Stream: new members
Alex Kontorovich (Feb 10 2020 at 15:23):
Here's something trivial that I'm trying to formalize: If a and b are coprime and a*b is a perfect square, then a and b are squares.
def divides (x y :ℤ ) := ∃ d:ℕ, y=x*d def coprime (x y :ℤ ) := ∀ d:ℕ , (divides d x) ∧ (divides d y) -> d=1 def is_square (x:ℤ ) := ∃ r:ℤ, x=r*r lemma product_coprimes_square (a b c :ℤ ) (p: coprime a b) (p1 : a*b=c*c): ((is_square a) ∧ (is_square b)) := begin end
The argument could go something like: a is a square <-> every prime in its factorization appears with even multiplicity. How does unique factorization work in Lean? Help please? Thanks!
Alex Kontorovich (Feb 10 2020 at 15:25):
Ooh stupid subtlety: a and b need to be positive, or else it's false!... (Originally I was doing this all in naturals, but elsewhere I need to subtract ... which doesn't exist for naturals!...)
Mario Carneiro (Feb 10 2020 at 15:27):
This is fine for an example, but if you want "real" theorems about primes and stuff then use the library definitions of
is_square doesn't have a definition)
Mario Carneiro (Feb 10 2020 at 15:28):
You can certainly subtract on naturals, but you have to do the subtraction in
int if you want it to mean the expected thing
Mario Carneiro (Feb 10 2020 at 15:29):
Also your definition of
divides isn't right for
int, as it implies
y have the same sign
Mario Carneiro (Feb 10 2020 at 15:30):
do you have mathlib?
Alex Kontorovich (Feb 10 2020 at 15:45):
yes I have mathlib. (How do I use it?...)
Alex Kontorovich (Feb 10 2020 at 15:48):
How do I fix this with "int" so that it works? (I can "cheat" and change \N to \Z...)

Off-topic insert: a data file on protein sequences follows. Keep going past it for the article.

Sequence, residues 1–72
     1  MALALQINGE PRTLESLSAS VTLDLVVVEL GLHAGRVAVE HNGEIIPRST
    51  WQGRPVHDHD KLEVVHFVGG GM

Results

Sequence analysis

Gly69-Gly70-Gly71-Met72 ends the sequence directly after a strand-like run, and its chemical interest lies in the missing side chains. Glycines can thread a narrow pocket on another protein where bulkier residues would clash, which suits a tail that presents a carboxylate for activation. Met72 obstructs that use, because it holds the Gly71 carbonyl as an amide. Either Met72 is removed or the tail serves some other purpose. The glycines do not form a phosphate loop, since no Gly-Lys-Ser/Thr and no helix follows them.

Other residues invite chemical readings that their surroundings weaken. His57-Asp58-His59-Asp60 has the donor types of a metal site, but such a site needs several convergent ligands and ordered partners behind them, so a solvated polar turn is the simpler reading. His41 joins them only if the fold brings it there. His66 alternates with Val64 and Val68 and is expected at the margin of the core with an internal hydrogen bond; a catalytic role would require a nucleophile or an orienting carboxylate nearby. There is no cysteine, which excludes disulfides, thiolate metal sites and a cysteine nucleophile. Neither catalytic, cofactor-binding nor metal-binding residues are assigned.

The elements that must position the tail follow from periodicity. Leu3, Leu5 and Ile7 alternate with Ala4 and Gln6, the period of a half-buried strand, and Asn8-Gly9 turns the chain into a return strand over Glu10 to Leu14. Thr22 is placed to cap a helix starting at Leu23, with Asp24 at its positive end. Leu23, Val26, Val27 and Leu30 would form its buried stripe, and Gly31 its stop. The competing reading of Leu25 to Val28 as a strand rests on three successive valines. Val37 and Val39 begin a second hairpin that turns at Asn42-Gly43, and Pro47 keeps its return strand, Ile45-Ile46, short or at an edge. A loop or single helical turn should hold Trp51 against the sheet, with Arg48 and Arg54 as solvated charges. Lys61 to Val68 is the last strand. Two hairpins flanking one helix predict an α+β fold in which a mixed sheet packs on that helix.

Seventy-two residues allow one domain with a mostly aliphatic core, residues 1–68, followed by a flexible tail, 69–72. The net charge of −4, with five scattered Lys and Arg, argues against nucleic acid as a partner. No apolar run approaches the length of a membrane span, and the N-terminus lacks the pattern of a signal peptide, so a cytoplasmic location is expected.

lemma converse (r s x y z:ℕ) (px: x= r*r-s*s) (py: y=2*r*s) (pz:z=r*r+s*s) : x*x+y*y=z*z := begin rw px, rw py, rw pz, ring, end
Alex Kontorovich (Feb 10 2020 at 15:49):
(the goal, if it isn't clear, is to show that, if x=r^2-s^2, y=2rs, and z=r^2+s^2, then x^2+y^2=z^2...)
Mario Carneiro (Feb 10 2020 at 15:57):
import tactic.ring lemma converse (r s x y z:ℕ) (px: (x:ℤ) = r*r-s*s) (py: y=2*r*s) (pz:z=r*r+s*s) : x*x+y*y=z*z := begin apply int.coe_nat_inj, simp [px, py, pz], ring, end
Reid Barton (Feb 10 2020 at 16:02):
There's a tricky way to prove your original statement avoiding prime factorization using
prod_dvd_and_dvd_of_dvd_prod, which states (in particular) that if divides , then with dividing and dividing .
Reid Barton (Feb 10 2020 at 16:03):
You might have fun working out the rest of the proof.
Reid Barton (Feb 10 2020 at 16:05):
(It's still kind of tricky after this step.)
Reid Barton (Feb 10 2020 at 16:06):
I have FLT for n=4 lying around on my old laptop, but it is for a 2 year old version of mathlib so it probably doesn't work any more.
Alex Kontorovich (Feb 10 2020 at 16:14):
Right, that's exactly where I'm going with this, FLT for n=4 (of course). Just to learn Lean. Thanks for the hint.
Related/complaint: I wish the file "prime.lean" used fever fancy tactics so mathematicians like me had less start-up cost...
Mario Carneiro (Feb 10 2020 at 16:14):
prime.lean uses very few fancy tactics last time I checked. In fact, that might be why it's not so readable
Alex Kontorovich (Feb 10 2020 at 16:27):
Heh :) As a mathematician who came here because Kevin made his "game" look very much like "regular math", the fewer tactics (besides, say, "ring", which for me means, leave the algebra as an exercise) the better (at least for me, for now).
Reid Barton (Feb 10 2020 at 16:28):
When I did this there was nothing in mathlib yet about prime factorization or multiplicity of primes so the easiest way was to use this little trick. But now we should be close to stating and proving things like if every exponent in the prime factorization of n is even, then n is a square, and of course these facts are more generally useful (or at least easiier to think of!)
Alex Kontorovich (Feb 10 2020 at 16:31):
Agreed! Is there a place where ord_p(n) is defined? (Exponent of p in the prime factorization of n)
Alex Kontorovich (Feb 10 2020 at 16:32):
I'm actually really curious in how the "descent" part of FLTn=4 will go. (Don't tell me yet... Still trying to get Pythagorean parametrization up and running)
Reid Barton (Feb 10 2020 at 16:35):
Alex Kontorovich (Feb 10 2020 at 16:36):
Last updated: May 08 2021 at 18:17 UTC